Although Rothko refused to openly discuss the Holocaust, it was, in his daughter's words, "always there in the background." In 1959, Rothko vowed to never exhibit his work in Germany because of its role in the Holocaust, telling the art historian Peter Selz, "Well, you know, this kind of disfiguration and this kind of thing you cannot touch, but it is, you know, part of what you feel and part of what you express about the tragedy of it all."
The Spirit of Myth
For Rothko, Greek myths were "tragic and timeless" stories that bore instructive parallels to the catastrophic events transpiring in the present, as he and (who also turned to mythological themes at that time) famously explained in a radio interview of October 13, 1943:
If our titles recall the known myths of antiquity, we have used them again because they are the eternal symbols upon which we must fall back to express basic psychological ideas.... Those who think the world of today is more gentle and graceful than the primeval and predatory passions from which these myths spring, are either not aware of reality or do not wish to see it in art.
While Rothko was inspired by various classical tales, for him the most important was Greek playwright Aeschylus's Agamemnon, as exemplified in The Omen of the Eagle. His paintings based on Aeschyus's play conflate past and present, blending elements of the classical narrative-marked by incidents of murder, human sacrifice, and cannibalism-with references to Nazi symbolism and Judaism. They do so in a modernist style inspired byand the writings of Carl Jung and Friedrich Nietzsche.
Rothko was one of many New York Jewish artists to embrace Christian iconography in the early 1940s to convey reactions to the Holocaust. Christian imagery enabled Rothko to express his horror at the catastrophe unfolding in Europe, but to do so without publicly announcing his status as a Jew. Also similar to his mythologically-inspired paintings, Rothko's works on religious themes conflate different eras and belief systems, deploying Christological motifs alongside allusions to Jewish burial practices and the Holocaust, and in a distinctly modernist idiom. The Entombment-the burial of Jesus Christ after his death-figures largely in this body of work. The biblical story had particular resonance during and after the Holocaust, given the chilling photographs of mass graves that appeared in newspapers and magazines even prior to the liberation of the Nazi concentration camps in 1944.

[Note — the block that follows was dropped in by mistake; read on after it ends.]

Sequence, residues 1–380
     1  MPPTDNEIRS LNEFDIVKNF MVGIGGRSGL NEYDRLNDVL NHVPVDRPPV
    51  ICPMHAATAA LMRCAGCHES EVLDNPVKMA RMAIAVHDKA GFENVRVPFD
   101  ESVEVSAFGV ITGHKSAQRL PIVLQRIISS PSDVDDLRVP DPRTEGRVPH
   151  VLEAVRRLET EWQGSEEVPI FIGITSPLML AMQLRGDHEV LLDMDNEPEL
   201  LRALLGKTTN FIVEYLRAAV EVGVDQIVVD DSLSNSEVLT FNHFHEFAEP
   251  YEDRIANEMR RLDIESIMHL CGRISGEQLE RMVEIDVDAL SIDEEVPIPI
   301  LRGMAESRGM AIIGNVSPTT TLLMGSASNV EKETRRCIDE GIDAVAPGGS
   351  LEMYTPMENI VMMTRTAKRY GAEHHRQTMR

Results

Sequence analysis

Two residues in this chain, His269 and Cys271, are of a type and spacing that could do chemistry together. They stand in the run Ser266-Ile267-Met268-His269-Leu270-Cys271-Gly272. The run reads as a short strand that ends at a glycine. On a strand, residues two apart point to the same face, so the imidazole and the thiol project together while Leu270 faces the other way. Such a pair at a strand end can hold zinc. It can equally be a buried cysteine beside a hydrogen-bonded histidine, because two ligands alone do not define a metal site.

Even Rothko's non-figurative color field paintings of the 1950s and beyond can be seen as profound meditations on the Holocaust. Composed of stacked bands of contrasting or complementary colors set against a monochrome background, the rectangular forms of these paintings invite associations with the haunting images of mass graves seen in American newspapers and magazines during and after the war. With these works, whose titles often only list the hues deployed in a given composition, Rothko was primarily concerned with stimulating the viewer's reflection and emotional response: "I'm not interested in relationships of color or form... I'm interested only in expressing basic human emotions-tragedy, ecstasy, doom, and so on." Dark tones dominate one of the artist's most important color-inspired paintings: Black on Maroon, a mural for the Seagram Building in New York. The mural's panels have been described as "doorways to Hell" and likened to the rims of flames: responses with obvious Holocaust resonance.